'Boyz n the Hood' arrives with the same set of bonus features as the two-disc anniversary edition from a few years ago, but also includes a couple new pieces.
- Audio Commentary — Director/writer John Singleton rides solo for this absorbing and very informative commentary. Although often scene-specific, Singleton is candid and open about the origins of the script, relating several scenes to his own personal life growing up in Los Angeles. He explains his creative process as a first-time filmmaker and the reasons for many of his directorial decisions. Listeners can also learn more about the casting, working with certain actors and various other anecdotes about the production, making this a very enjoyable and enlightening audio track.
- Friendly Fire: Making of an Urban Legend (SD, 43 min) — This lengthy look at the production is both thorough and entertaining, covering typical aspects like casting and working with a first-time director and other actors. Most interesting are the stories about filming on location, audience and critical reaction, and some of the ensuing violence which occurred on premiere week.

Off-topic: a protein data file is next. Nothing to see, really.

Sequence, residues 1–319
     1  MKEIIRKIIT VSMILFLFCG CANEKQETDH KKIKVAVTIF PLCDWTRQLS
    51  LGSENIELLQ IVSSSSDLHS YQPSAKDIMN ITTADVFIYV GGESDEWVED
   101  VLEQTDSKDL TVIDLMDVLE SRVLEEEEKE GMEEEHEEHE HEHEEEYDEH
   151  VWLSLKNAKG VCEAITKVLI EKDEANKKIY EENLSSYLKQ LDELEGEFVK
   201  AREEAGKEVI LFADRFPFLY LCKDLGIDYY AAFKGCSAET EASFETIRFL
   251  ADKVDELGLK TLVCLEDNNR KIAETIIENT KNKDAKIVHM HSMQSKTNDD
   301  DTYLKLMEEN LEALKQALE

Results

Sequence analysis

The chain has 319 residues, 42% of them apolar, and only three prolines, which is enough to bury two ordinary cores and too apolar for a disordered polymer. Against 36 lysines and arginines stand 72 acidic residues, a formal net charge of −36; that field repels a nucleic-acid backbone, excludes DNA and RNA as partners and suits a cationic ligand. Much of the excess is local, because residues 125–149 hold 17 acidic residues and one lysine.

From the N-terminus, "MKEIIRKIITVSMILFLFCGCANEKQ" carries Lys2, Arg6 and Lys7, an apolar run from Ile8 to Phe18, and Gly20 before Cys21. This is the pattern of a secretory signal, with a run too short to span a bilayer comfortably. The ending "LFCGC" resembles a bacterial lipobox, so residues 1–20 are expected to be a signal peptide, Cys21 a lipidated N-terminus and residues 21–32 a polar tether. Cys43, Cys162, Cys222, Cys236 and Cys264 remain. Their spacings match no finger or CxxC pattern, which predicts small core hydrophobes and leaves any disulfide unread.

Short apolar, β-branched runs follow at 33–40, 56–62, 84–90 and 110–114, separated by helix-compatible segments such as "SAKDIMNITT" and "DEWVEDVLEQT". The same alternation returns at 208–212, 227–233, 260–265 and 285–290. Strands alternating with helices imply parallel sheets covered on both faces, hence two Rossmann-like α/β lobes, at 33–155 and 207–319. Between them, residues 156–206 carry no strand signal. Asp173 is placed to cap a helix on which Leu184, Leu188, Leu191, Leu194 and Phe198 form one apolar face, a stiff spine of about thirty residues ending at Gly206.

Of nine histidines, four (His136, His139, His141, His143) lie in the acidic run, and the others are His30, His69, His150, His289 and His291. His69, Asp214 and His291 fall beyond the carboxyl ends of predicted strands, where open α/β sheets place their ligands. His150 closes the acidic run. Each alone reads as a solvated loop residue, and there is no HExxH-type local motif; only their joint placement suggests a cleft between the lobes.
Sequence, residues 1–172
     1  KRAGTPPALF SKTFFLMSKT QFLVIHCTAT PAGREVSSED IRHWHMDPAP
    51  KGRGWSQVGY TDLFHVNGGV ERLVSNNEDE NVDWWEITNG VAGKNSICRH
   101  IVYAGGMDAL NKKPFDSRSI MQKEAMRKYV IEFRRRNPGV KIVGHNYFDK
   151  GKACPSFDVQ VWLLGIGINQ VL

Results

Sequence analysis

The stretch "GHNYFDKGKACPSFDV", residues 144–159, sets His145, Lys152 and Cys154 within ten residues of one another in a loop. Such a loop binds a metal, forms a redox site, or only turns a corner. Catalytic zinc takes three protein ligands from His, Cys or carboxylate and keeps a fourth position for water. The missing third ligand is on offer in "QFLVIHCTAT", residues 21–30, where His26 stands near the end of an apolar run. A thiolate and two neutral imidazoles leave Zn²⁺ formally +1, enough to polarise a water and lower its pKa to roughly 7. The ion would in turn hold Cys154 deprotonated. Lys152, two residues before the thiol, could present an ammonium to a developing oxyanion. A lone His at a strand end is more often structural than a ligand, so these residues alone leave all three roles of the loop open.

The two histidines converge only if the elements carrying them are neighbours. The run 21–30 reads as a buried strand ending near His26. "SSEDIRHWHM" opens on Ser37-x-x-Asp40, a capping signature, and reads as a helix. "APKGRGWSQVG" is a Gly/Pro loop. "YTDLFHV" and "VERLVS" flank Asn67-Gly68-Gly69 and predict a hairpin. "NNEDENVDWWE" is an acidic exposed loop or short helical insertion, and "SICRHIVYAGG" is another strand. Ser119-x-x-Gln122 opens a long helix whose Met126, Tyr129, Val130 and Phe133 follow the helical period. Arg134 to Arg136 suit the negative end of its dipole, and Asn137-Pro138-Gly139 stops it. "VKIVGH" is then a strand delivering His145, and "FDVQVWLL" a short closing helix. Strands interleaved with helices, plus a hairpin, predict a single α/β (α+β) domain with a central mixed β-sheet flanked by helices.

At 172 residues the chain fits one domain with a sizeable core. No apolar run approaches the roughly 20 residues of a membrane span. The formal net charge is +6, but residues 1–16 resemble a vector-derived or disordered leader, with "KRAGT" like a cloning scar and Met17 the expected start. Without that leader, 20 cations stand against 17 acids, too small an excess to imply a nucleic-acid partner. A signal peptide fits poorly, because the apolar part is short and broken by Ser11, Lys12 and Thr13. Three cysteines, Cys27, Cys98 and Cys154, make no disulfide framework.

- Deleted Scenes (SD, 4 min) — Two scenes are salvaged from the cutting-room floor and collected here.
- Music Videos (HD, SD) — Compton's Most Wanted performs "Growin' up in the Hood" and Tevin Campbell sings "Just Ask Me to."
John Singleton made his directorial debut with the urban drama 'Boyz n the Hood,' a powerful coming-of-age film about inner-city youth and the violence which engulfs their everyday lives. The movie also comes with a terrific performance by Laurence Fishburne and features the emotional debuts of Ice Cube, Morris Chestnut, and Cuba Gooding, Jr. The Blu-ray arrives with a very good video transfer and an excellent audio presentation. Many of the supplements are ported over from a previous release, but there are also a couple new featurettes which fans will definitely appreciate, making this a highly recommended high-def edition of a great film.